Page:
SHIPWRECKS & GROUNDINGS “Caledonia” Wrecked on Redcar Rocks
The sinking of a smack
The following photograph (copyright of museum, although not the ‘Caledonia’) was gratefully supplied to us by the Aberdeen Maritime Museum.
A smack was an English sailing vessel that was used to bring the fish to market for most of the 19th century and even in small numbers up to the Second World War. The smack was originally cutter rigged, until about 1865 when the smacks became so large that cutter main booms became unhandy. From then on cutters were lengthened and re-rigged and new ketch-rigged smacks were built, but the boats varied from port to port. Some boats had a topsail on the mizzen mast, while others might have a bowsprit carrying a jib. Large numbers of these boats could be seen operating in fleets out of places like Brixham, Grimsby and Lowestoft. The sails were usually red ochre in colour, which made them a picturesque sight in large numbers. Smacks were often rebuilt into steam ships in the 50s. Some of the old smacks have been re-rigged into ketches (or were never made into steam boats) and are now used as training boats for young sailors.
The sinking of the smack ‘Caledonia’ Redcar Rocks (Taken from The Redcar, Coatham and Cleveland Literary Magazine 15th July 1902)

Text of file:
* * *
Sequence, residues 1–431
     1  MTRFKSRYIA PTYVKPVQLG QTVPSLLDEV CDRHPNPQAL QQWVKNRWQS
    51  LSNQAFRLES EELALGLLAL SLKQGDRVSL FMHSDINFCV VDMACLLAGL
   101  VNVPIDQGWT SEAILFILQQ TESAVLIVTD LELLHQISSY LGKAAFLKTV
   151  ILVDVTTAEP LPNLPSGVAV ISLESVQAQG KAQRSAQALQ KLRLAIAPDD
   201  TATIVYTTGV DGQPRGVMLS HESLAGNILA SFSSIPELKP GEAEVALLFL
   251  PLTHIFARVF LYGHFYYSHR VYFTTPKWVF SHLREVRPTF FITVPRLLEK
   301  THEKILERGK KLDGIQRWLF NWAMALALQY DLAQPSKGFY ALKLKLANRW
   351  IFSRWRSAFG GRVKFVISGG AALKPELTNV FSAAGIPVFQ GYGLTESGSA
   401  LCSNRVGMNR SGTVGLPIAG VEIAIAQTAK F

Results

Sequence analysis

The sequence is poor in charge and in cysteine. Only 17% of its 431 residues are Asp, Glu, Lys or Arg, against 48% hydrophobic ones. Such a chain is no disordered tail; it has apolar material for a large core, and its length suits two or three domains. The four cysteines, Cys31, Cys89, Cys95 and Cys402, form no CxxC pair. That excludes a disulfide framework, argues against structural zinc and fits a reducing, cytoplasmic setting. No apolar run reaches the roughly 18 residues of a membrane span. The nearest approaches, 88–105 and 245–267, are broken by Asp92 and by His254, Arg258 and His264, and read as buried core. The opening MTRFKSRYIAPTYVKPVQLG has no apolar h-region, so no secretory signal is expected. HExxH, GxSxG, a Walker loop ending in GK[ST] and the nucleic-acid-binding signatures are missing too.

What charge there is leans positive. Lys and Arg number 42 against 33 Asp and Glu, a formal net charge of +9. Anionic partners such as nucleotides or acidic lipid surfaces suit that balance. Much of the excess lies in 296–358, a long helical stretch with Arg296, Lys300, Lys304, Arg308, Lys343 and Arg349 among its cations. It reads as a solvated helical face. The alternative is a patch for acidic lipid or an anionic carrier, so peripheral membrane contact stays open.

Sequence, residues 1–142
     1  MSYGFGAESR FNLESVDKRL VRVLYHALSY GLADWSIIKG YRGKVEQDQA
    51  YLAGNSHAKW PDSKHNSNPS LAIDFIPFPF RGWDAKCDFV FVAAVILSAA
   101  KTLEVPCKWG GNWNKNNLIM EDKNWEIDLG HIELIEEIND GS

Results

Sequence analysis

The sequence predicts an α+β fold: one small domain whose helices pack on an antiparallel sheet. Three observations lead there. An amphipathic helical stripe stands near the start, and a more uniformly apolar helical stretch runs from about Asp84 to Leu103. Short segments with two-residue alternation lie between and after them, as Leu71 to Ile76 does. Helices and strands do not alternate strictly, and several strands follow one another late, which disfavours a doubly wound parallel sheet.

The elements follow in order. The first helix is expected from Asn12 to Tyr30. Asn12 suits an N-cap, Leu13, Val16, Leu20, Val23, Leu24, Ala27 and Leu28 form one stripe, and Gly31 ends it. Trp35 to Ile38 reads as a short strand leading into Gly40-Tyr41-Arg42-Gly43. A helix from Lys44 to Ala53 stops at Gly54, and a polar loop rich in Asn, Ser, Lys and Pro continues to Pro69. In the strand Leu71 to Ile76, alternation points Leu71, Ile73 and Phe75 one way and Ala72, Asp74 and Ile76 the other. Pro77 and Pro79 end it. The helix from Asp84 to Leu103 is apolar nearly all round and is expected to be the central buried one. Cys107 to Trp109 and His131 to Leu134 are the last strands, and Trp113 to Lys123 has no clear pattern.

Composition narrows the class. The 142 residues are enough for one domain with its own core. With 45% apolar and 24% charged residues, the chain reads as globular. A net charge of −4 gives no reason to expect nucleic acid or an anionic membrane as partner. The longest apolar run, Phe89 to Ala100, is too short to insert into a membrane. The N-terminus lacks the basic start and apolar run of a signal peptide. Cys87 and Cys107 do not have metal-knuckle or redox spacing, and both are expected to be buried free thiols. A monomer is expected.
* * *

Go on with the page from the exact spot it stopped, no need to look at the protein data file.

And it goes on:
March, 27th, 1808 – The smack “Caledonia,” Hill master, of Aberdeen, from Aberdeen to London, with a general cargo, with a general cargo, wind East, wrecked on Redcar Rocks. Seventeen lives lost. Six of the crew saved. The disastrous wreck of the “Caledonia” is probably one of the worst that has ever happened at Redcar. It is actually the worst wreck of which there is and define record. John Hutton writes thus concerning it:-
“In March, 1808, the Caledonia, a stout vessel from Aberdeen, for London, hovered a day or two near the shore, and on the night of the 25th, being rather careless in their reckoning, the vessel touched upon these rocks. The whole crew were asleep, except the man upon the watch, who not apprehending danger, was unwilling to disturb them. There were twenty three persons on board.
Danger increasing, he awakened the people; they fired one gun distress, which was not heard on shore, it being midnight. The people urged the Captain to fire again, who refused it. Their situation becoming desperate, he ordered them to fire, but, alas! The powder was wet. Their danger was extreme; the vessel was going to pieces. Sixteen took to the boat, and were all lost.
Morning approached, and their dreadful situation was seen, the lifeboat heaved out, and the remaining seven with great difficulty were saved.
The dead bodies of ten were found, brought and laid upon a bench at the Red Lion in Redcar; those of the other six were never found.
Their friends were written to: two gentlemen came from Aberdeen, ordered their funerals and discharged the expenses. They now lie in Mark church–yard.
Melancholy curiosity induced me to visit their tombs, They lie five in a row, a yard and a half asunder; and four feet below them lie the other five in the same order; two of them have head stones, Captain Booth, aged 50 died March 26, 1808; and – Burnett, Esq., aged 50, died March 26, 1808 and – Burnet, Esq., aged 18 years. This young gentleman was probably a relation of Bishop Burnet, as they were both of the same place. The names of the ten were John Mather, John Clay, Thomas Henry, John Burnet, William Heeley, William Pee, William Philips, John Runsey, John Booth, and Samuel Mackey.